How easy it is to forget that the Oscars, the Academy Awards, are mainly meant for English movies. There is just one magnanimous (or guest, if you like) category for ‘Foreign language movies’. But everyone behaves as if the Academy Awards are equally for all movies of the world.

Can we expect globalization of the Academy Awards? I won’t bet on it.

Except that I have never bet.

The spell checker has identified ‘globalization’ as an invalid word. I am adding it to the dictionary. The spell checker also doesn’t recognize ‘exclusivist’ as a valid word. I am adding this word too.

I have heard the term ‘Artificial Intelligence’ somewhere. I also heard a rumor (rumour for the non-dominant party) that computers now have some of it. Why do I feel a bit relieved that it is just a rumor?

Coming back to the movie, it is about a singer who, as someone said, “belts them out, doesn’t she?”. She does indeed. And she does just great. I have become her lifetime admirer. For whatever is left.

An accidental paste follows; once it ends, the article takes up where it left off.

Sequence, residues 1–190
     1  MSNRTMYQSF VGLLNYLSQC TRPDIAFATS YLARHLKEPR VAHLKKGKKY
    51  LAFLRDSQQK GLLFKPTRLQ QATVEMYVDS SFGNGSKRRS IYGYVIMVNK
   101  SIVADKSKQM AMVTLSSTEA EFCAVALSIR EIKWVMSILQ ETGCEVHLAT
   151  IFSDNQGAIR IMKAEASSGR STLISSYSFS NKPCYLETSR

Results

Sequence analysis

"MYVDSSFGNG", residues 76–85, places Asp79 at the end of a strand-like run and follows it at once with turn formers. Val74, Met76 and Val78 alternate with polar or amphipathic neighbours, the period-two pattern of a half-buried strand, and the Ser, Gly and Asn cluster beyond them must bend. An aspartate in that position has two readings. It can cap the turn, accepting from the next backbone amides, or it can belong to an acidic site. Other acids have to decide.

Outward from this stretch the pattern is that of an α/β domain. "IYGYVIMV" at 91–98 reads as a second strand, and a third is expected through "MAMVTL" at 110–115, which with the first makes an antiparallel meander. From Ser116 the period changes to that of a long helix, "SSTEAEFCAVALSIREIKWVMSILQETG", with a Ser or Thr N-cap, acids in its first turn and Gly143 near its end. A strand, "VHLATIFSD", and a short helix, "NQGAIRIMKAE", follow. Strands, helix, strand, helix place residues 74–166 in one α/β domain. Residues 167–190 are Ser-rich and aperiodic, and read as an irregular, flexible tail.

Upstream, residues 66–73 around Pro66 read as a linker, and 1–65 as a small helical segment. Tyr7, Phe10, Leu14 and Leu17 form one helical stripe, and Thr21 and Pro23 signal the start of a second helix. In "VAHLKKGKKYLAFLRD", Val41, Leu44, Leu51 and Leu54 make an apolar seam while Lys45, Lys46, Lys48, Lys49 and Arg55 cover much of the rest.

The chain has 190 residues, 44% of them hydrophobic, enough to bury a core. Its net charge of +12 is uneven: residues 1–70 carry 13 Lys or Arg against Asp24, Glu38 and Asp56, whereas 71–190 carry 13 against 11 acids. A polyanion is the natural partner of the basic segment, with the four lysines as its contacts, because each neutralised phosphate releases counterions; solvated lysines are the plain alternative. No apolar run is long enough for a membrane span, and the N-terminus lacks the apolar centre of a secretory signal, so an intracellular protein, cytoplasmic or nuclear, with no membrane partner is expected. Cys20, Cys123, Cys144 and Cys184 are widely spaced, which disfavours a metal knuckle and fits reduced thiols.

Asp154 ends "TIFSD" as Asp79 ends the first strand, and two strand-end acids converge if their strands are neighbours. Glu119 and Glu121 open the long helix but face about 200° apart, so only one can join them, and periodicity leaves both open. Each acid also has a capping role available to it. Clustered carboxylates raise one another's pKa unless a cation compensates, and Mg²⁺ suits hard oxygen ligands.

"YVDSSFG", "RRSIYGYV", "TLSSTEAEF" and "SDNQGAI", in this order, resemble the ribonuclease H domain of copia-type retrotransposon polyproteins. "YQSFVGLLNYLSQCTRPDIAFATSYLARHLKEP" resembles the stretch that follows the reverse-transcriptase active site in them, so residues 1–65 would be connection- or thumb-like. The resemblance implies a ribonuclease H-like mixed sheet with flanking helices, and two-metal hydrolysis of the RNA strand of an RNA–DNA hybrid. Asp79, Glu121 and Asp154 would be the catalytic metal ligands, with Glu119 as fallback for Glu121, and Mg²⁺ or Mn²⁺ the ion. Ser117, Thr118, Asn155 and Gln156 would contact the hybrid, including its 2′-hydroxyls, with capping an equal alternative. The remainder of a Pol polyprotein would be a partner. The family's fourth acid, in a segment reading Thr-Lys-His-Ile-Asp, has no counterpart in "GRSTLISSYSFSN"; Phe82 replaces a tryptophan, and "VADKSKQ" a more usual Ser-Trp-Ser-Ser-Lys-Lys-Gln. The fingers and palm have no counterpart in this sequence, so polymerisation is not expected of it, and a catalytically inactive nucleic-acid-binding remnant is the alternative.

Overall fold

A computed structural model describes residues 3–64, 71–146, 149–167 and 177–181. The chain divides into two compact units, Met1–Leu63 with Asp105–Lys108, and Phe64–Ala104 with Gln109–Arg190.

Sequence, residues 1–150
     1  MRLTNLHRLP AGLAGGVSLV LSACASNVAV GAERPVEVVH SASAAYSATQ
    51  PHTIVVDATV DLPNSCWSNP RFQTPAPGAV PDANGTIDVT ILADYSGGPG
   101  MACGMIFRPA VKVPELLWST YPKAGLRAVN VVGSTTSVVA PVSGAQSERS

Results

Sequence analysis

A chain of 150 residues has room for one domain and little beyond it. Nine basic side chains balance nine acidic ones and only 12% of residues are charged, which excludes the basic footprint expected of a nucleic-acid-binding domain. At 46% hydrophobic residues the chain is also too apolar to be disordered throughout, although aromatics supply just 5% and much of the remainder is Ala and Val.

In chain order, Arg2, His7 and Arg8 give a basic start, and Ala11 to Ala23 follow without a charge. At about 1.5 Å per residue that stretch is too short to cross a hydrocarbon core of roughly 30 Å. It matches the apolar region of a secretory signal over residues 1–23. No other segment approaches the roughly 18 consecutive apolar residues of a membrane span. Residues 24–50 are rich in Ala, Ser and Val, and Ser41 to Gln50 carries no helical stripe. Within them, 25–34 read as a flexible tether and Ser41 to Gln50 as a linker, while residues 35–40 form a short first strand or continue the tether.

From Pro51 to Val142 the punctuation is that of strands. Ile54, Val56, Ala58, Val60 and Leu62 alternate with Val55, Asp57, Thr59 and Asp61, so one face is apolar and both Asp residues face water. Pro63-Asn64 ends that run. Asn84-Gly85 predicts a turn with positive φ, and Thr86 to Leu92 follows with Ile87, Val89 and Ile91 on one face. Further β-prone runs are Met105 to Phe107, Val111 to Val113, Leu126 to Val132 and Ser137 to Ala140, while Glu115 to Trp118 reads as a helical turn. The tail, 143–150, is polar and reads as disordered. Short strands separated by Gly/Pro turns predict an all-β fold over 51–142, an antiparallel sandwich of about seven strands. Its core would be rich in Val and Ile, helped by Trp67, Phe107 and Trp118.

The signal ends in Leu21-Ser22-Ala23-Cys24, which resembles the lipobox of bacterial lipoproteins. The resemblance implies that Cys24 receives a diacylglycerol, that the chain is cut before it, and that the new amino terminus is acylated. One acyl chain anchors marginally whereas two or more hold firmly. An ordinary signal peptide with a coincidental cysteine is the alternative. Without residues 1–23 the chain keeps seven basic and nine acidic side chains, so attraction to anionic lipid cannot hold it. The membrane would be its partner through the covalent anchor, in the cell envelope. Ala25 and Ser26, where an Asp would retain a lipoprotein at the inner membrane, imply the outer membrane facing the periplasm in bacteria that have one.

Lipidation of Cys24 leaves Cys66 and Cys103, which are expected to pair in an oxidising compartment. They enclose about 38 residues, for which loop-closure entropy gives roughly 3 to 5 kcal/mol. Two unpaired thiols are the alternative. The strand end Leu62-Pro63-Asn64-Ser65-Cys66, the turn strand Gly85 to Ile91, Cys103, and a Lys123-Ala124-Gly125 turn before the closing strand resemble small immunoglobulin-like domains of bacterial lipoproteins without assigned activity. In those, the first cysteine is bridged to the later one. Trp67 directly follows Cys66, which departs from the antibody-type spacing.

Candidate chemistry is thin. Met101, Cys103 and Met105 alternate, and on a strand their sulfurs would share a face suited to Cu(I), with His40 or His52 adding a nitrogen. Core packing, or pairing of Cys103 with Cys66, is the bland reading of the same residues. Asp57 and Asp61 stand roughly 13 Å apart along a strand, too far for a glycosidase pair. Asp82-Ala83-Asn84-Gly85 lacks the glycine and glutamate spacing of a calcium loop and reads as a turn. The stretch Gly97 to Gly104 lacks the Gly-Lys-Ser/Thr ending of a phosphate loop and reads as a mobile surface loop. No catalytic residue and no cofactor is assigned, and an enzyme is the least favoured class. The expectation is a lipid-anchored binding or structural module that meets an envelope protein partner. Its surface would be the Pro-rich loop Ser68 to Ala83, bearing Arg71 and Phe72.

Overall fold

She was a born singer. She started on the street. She was the daughter of an acrobat and a street singer. For some time she lived in a brothel managed by her grandmother, where she was treated very well. One of the prostitutes became so fond of her that she was heartbroken and hysterical when the father came back for his daughter. With her father, she (the singer to be) lived in a circus. Later she accompanied her father on his acrobatic (contortionist) street shows and started singing. Then she sang on the streets with her half-sister, who remained close to her till her death, except for some time when she felt ignored and abandoned by the star singer.